Coach Parking In Central Bath Closes

Coach Parking and Drop-Off

There are no facilities for coach parking in central Bath. 

The Riverside Coach Park closed on 2nd November 2020, which was required to facilitate the development of Bath Quays North, the Council’s flagship regeneration project, that will create a new business district providing much needed high-quality offices and new jobs.

A new coach park has already been provided at Odd Down Park & Ride, providing 29 spaces for coaches to layover once they have dropped off in the city centre.

Coach drop off/pick-up will be re-provided on-street at Pulteney Road and Royal Avenue. Three bays will be provided at each location and will operate between 8am and 7pm. Waiting time is limited to 20 minutes (no return within one hour), except for two bays on Pulteney Road, which will be limited to 90 minutes waiting (no return within three hours).

This will increase the existing provision at:

  • Terrace Walk – close to major attractions and the busiest drop-off/pick-up location, ten minutes maximum waiting, capacity for two large coaches
  • North Parade – opposite Terrace Walk, ten minutes maximum waiting, capacity for two large coaches
  • James St West

These locations have been selected as they are within walking distance of key visitor attractions and are already used during Bath Christmas Market and match days for Bath Rugby.

Once the passengers have disembarked from the coach the driver should follow the signs to Odd Down Coach Park where there is a large and secure site for coach parking.

Odd Down Coach Park

Odd Down Park and Ride, Bath, BA2 8PD

Opening Times

24 hours a day all year (except for the duration of Bath Christmas Market)


Day rate charge of £1 – covers any period up to 24 hours and runs from midnight to midnight


  • Toilets (charges apply)
  • Water supply
  • Coach toilet waste disposal
  • Park and Ride buses available for drivers to travel to/from the city centre – standard charges apply

Find Out More

Weston Island

Weston Island, Lower Bristol Road, Bath, BA2 9ES

Opening Times

9:30pm to 6pm


  • Two hours – £5
  • Four hours – £8
  • Six hours – £11
  • Eight hours – £14
  • Over eight hours – £16


  • Cashless Parking through MiPermit
  • Onsite payment by cash


  • Toilets
  • Washroom
  • Vending Machines
  • Free return bus to the city centre

Find Out More

Contact Information

Click here for more information.

Parking Services
PO Box 5197
01225 477133 or 477134
[email protected] 

Anderson Travel Talk About PSVAR

Disabled Peoples Right to use Coach Services.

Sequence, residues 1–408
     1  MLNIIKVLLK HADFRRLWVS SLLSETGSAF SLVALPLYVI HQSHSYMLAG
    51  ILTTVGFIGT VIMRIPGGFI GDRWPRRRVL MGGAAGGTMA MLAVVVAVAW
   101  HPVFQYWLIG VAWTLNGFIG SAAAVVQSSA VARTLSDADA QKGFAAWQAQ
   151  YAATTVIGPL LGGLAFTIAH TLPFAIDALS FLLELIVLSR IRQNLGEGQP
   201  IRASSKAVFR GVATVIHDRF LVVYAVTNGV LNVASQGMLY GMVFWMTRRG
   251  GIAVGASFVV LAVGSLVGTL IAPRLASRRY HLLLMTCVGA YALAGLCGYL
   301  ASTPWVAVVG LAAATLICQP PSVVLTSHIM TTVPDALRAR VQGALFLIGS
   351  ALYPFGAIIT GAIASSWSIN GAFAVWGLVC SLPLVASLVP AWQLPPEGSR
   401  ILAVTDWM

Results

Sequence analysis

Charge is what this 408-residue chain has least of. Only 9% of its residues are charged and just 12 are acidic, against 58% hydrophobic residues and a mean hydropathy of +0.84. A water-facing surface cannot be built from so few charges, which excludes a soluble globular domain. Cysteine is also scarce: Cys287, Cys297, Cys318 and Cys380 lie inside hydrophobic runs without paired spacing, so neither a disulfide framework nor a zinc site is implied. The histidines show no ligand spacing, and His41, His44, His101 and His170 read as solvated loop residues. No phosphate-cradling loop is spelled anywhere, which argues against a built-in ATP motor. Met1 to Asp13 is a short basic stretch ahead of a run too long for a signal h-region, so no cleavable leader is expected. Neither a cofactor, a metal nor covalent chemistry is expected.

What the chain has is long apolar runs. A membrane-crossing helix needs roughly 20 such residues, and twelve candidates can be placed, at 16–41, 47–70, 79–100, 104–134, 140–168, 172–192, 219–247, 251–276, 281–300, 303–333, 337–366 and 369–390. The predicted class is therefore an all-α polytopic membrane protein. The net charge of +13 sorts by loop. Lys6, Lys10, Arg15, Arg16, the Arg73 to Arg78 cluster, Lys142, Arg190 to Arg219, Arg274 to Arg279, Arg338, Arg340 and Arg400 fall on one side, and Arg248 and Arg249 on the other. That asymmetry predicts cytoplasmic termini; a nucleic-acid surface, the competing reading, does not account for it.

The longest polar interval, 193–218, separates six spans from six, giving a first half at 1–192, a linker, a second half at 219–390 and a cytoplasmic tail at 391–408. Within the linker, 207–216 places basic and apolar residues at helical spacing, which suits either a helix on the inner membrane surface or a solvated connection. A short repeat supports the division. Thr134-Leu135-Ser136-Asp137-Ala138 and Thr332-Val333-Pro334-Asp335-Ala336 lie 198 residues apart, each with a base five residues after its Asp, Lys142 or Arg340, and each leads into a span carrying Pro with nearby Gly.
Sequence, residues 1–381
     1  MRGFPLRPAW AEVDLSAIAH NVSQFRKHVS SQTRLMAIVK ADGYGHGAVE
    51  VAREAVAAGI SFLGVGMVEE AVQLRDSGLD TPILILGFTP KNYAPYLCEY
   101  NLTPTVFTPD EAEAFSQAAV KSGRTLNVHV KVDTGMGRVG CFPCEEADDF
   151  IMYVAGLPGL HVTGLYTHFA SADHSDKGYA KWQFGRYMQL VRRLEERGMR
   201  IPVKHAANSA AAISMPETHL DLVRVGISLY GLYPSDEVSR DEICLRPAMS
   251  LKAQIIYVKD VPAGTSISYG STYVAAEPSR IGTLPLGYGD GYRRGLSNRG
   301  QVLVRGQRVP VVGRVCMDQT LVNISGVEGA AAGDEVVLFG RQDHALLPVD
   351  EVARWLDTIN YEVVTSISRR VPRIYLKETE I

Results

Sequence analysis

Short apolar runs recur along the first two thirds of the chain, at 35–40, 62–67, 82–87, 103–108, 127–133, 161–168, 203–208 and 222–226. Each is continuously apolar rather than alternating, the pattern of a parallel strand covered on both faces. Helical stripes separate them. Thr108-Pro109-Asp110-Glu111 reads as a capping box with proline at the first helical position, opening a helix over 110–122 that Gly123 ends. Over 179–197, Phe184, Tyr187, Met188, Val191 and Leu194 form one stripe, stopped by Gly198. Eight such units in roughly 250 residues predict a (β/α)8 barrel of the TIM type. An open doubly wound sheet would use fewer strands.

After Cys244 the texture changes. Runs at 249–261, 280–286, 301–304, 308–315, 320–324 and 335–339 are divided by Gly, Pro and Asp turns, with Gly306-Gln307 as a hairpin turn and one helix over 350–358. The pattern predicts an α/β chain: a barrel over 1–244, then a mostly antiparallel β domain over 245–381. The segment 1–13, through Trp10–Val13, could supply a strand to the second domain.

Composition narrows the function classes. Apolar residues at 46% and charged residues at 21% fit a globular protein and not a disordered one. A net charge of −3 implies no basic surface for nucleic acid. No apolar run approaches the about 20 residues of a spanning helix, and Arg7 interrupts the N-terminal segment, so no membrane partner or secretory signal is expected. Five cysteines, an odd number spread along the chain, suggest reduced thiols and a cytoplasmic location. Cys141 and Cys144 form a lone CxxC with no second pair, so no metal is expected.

The Disabled Persons Transport Advisory Committee (DPTAC) an extremely important and influential government advisory body has finally written a piece on the accessibility of coach services. Whilst acknowledging the limitations to access unique to coaches as a result in the main of the width and height of the front entrance steps DPTAC encourage, operators the Department of Transport and manufacturers to come together to find a solution to this in the short to medium term.

DPTAC was pleased that when the Public Service Vehicle Access regulations (PSVAR) were extended to cover coaches the main operators of scheduled services moved quickly to ensure compliance. However, that roll out of PSVAR coaches has not been so effective in private hire, home to school or other markets were coaches operate. As a result it is estimated that only 600 compliant vehicles are available in the “for hire” sector out of more than 25000 vehicles currently in commercial use.

From 1st January 2020 it became unlawful to use a non-PSVAR compliant coach on a scheduled service for which a charge is made. There was a lot of confusion around the issue of whether home to school should have been included in this. The government’s position is that it should whereas the industry at no point believed home to school was to be considered in scope.

The result of all this was that the national vehicle park was short of some 4000-6000 compliant vehicles for home to school services as at 1st January 2020 and this has meant an inevitable dispensation with regards to the legislation until 1st August 2021 with the Minister responsible Baroness Vere again stating she will review the position over the next few months.

Add to the problem a world-wide pandemic with many operators struggling financially as fleets have stood idle for the past twelve months and the average cost per unit of retro fitting a wheel chair lift being £28000.00 and you can see the huge financial pressure put upon operators to try and increase the number of PSVAR vehicles they have. It should be pointed out here there are no grants available to have any of this work done.

However, London based Anderson Travel, with depots at both Tower Bridge and Heathrow Airport have been able to increase its PSVAR fleet with some success. By September 2021 and the start of a new academic year for schools, 50% of the 40 vehicle fleet will be fully compliant from a standing start just 12 months ago of zero. Commented Managing Director, Mark Anderson, “We felt it was something we needed to do and we can now say with some certainty that if we receive a request from, in particular, a wheel chair user then we can provide a suitable vehicle to ensure that that wheel chair user can travel with their peers and other group members. Further to that when we operate in certain markets where we just do not know who will turn up, such as rail replacement or inter city services then we will be able to operate it using a PSVAR compliant vehicle. On all our home to school services seats have been pre booked and we know exactly who will be travelling with us and by working with the schools and colleges we operate for we can ensure a suitable vehicle is supplied. We carry over 1300 children to and from school every day keeping some 600 cars off the busy roads of London reducing congestion and pollution. We can now add to that impressive statistic with our ability to provide inclusivity for all our passengers”

London’s Transport Commissioner Mike Brown on the response to coronavirus in London

Support NHS heroes and TfL — please stay at home